Essential Guide to Dehydrating

Your Essential Guide to Dehydrating – The Easy and On-Trend Way to Transform Your Fruit and Veg

Food dehydrators are without a doubt the latest en vogue kitchen appliance, and they’re a godsend for those following a plant-based diet. Usually comprised of a series of small shelves or sections, dehydrators use low amounts of heat and an in-built fan to disperse hot air throughout the appliance. Over time, this steadily reduces the amount of water in the food until it appears dried and sometimes lightly brown. It can be a lengthy process, but the results are more than
worth it.
Though our ancestors weren’t fortunate enough to have handy dehydrator machines sitting on their kitchen worktop, the method of drying and dehydrating food has been used for thousands of years. Some studies have even dated the idea back to prehistoric times, though hot-air dehydration was not developed until 1795, in France.

What are the benefits?

Taste: Removing the water from fruits and vegetables naturally concentrates and intensifies its flavour. The crisp and chewy textures, which can be achieved through dehydration, make the fruit and veg appear more akin to a naughty treat than a healthy whole food – meaning it’s a great way to get fussy children (and adults for that matter!) excited about healthy eating.


Preservation: Just as our ancestors did, we can use dehydration as a form of preservation. Drawing out the moisture from food means it limits the amount of mould, yeast and bacteria that can affect the produce – as most nasty bacteria likes to feast on fresh, water-filled foods. In addition, by dehydrating food yourself, you can eliminate the need for artificial preservatives – which are often found in dehydrated food in shops. Handily, you can also rehydrate your food at a later date, by adding water, or putting it in a soup, sauce or stew – meaning you can have fresh, ripe mango even in the depths of winter.
Waste and money: Due to the great preservative qualities of dehydration, it can help minimise your food waste. Whether it’s produce you’ve bought from a store or grown in your own garden, there will always be extra that you struggle to use up – especially during each fruit’s peak season, such as tomatoes and strawberries in summer. In turn, this will also help to reduce your spend on items such as on-the-go snacks, which can be easily made from leftover fruit and veg in your dehydrator.

Does it counteract the food’s nutritional value?

When food is dehydrated using a small kitchen dehydrator, the heat can sometimes decrease the nutritional values of certain fruits and vegetables. Vitamin C, for instance, is found in almost every fruit and vegetable to certain extents, but it is also sensitive to heat, water and even air, and so cooking can often decrease the vitamin C content of food. Similarly, vitamin A is also light-sensitive and may be affected not only by this, but by the subtle heat used during the dehydration process. However, because the heat is so gentle, some studies have concluded that the nutritional value lost can be little as five per cent – making it almost as healthy as eating the fresh stuff, and often far more convenient!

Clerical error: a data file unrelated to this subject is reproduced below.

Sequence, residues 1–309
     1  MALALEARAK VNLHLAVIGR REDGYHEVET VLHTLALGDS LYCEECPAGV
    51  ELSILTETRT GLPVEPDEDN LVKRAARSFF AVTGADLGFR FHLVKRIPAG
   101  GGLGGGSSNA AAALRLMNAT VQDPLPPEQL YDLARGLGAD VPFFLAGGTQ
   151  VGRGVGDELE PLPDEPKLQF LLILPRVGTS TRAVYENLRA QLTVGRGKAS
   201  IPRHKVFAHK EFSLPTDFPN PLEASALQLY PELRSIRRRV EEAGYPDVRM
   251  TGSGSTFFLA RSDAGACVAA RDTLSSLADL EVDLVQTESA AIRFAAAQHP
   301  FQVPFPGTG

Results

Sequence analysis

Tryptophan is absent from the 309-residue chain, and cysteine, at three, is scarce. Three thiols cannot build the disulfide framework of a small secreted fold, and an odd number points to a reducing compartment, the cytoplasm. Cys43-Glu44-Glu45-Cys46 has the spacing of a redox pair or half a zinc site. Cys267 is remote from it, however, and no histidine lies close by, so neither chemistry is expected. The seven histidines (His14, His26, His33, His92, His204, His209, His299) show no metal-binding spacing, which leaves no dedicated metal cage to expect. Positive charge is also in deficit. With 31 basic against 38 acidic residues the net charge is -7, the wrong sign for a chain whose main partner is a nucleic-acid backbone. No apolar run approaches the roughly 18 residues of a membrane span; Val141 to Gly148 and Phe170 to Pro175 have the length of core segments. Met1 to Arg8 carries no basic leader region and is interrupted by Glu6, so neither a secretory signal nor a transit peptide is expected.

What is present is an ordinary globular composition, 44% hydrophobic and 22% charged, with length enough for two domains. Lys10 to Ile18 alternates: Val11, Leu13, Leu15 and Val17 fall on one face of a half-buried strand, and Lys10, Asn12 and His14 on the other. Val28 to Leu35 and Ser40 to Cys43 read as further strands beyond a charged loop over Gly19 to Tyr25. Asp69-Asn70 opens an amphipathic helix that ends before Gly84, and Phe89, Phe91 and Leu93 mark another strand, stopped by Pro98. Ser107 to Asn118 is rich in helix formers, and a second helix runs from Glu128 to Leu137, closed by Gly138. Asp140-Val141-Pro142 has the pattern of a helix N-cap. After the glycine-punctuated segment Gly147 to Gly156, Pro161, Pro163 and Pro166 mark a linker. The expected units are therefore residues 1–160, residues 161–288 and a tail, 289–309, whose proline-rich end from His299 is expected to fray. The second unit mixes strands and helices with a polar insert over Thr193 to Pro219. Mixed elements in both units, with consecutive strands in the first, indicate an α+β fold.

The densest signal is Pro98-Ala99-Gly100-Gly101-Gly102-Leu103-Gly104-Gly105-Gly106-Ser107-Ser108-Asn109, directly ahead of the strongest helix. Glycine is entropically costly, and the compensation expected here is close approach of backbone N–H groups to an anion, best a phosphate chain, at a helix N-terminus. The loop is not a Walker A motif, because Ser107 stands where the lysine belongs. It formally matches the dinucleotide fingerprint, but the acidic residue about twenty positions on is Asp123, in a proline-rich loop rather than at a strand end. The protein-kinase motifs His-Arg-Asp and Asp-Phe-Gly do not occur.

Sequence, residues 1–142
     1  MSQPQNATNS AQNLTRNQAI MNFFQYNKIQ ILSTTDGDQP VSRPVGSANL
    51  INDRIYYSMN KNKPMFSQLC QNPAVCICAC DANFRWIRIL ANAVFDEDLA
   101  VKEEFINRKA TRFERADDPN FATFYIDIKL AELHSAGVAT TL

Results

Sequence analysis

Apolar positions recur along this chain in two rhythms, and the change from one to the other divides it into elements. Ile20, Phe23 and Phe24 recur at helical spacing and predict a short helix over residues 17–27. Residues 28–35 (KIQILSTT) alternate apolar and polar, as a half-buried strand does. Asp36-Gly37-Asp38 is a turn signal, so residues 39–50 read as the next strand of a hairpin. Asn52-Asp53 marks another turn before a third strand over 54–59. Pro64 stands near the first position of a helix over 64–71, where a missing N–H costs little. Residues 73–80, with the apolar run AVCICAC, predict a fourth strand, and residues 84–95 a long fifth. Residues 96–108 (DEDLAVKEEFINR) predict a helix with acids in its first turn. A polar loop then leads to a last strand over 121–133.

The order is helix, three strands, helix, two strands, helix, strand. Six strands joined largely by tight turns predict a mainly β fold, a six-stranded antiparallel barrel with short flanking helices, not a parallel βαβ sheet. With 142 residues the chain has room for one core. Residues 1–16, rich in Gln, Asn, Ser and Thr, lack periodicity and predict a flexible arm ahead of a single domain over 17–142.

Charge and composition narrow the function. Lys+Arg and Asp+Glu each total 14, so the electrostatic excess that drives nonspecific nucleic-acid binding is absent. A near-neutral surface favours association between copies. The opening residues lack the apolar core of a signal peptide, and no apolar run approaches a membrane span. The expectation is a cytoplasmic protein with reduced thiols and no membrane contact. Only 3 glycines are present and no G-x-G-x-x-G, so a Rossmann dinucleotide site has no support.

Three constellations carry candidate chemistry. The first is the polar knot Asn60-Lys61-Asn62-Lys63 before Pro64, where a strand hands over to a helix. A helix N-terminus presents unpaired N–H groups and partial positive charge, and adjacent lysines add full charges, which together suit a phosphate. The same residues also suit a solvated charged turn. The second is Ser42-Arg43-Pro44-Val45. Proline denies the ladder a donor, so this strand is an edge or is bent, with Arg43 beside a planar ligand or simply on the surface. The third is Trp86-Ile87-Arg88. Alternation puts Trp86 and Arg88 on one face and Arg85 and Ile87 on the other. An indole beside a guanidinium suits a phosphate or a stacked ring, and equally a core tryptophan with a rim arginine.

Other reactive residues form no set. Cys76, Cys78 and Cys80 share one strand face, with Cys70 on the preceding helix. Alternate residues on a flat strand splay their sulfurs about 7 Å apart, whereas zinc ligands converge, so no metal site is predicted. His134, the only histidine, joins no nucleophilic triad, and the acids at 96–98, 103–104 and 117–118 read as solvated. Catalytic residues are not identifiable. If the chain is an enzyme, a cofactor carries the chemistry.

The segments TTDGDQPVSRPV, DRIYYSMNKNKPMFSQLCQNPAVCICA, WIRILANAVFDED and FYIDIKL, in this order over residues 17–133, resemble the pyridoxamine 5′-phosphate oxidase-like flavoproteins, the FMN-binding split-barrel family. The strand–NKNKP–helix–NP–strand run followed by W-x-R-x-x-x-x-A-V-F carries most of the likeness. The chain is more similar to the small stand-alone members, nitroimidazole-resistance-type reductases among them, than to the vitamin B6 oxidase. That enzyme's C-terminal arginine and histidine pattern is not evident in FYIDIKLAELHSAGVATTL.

Ideas to get you inspired

Dehydrating food isn’t just handy for preservation, but can be a great way to make new and exciting snacks. Why not try these…
Fruit leather: This is an awesome way to use up over-ripe fruit and because, when rolled, the leather looks more like a sweet than one of your five-a-day, it’s a great way to encourage those who aren’t keen on fruit to give it a go. Start by puréeing your fruit (some people sweeten with agave nectar or syrups at this stage, though it’s healthier not to), then pour the mixture onto a tray of your dehydrator and use a spatula to push it out into a smooth, thin layer. Then, simply turn on your dehydrator and leave it to dry for at least six hours.
Vegetable crisps: We all suffer from crisp cravings every now and then, but are all too aware of the negative health implications they can have – thanks to their excessive levels of oil, fat and salt. Try making vegetable crisps by placing thin slices of vegetables (courgettes work really well) in a bowl, with a very little amount of oil and some seasoning of your choice (try to make sure you’re not overdoing the seasoning and oil, as this will increase the calorie levels of the crisps). Once the vegetable slices are coated in the subtle seasoning, place them in the dehydrator and allow them to dry for around eight hours, preferably.
Fruit for cooking: As well as dehydrating fruit to make a healthy, simple snack for on-the-go, why not try dehydrating any excess fruit you have, during its peak season, to use later in cooking. Blueberries are a great example, as they’re delicious when ripe and juicy during the summer, but often go off quickly. Trying popping any leftover blueberries in the dehydrator and using the dried fruit in muffins, pancakes or even a chia seed pudding.

Find lots of information on ingredients in our glossary.

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